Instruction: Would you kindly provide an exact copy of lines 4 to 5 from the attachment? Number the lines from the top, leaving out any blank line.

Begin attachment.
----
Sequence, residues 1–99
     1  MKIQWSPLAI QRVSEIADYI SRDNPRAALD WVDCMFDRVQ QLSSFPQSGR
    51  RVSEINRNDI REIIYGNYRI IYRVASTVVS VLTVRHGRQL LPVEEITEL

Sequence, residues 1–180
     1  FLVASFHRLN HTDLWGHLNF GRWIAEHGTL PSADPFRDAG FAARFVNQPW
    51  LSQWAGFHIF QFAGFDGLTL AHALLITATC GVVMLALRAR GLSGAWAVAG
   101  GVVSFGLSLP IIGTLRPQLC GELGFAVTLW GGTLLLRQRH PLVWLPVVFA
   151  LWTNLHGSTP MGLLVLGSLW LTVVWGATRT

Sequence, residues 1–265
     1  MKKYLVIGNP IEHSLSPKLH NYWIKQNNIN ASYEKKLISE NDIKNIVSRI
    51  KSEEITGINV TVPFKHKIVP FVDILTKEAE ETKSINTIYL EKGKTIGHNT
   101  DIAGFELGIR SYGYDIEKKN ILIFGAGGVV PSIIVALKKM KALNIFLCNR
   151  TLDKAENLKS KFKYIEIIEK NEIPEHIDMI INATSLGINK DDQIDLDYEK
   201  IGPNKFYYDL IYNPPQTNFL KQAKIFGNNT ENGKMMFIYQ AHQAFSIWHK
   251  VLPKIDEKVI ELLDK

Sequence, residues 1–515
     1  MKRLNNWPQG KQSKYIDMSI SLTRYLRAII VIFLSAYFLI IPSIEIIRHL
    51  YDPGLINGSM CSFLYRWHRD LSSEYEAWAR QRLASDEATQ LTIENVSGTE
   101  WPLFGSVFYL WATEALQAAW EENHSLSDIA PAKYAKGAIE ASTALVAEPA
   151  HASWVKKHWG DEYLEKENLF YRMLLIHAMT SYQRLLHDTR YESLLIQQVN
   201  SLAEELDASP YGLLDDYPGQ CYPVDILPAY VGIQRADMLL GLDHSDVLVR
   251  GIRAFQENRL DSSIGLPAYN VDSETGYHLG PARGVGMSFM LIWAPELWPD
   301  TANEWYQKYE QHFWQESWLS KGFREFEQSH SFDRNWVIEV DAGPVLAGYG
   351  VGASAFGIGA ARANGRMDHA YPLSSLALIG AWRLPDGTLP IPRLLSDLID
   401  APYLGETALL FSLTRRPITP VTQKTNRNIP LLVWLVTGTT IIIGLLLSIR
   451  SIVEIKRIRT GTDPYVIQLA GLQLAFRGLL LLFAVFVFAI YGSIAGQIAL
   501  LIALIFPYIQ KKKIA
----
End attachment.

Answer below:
Sequence, residues 1–180
     1  FLVASFHRLN HTDLWGHLNF GRWIAEHGTL PSADPFRDAG FAARFVNQPW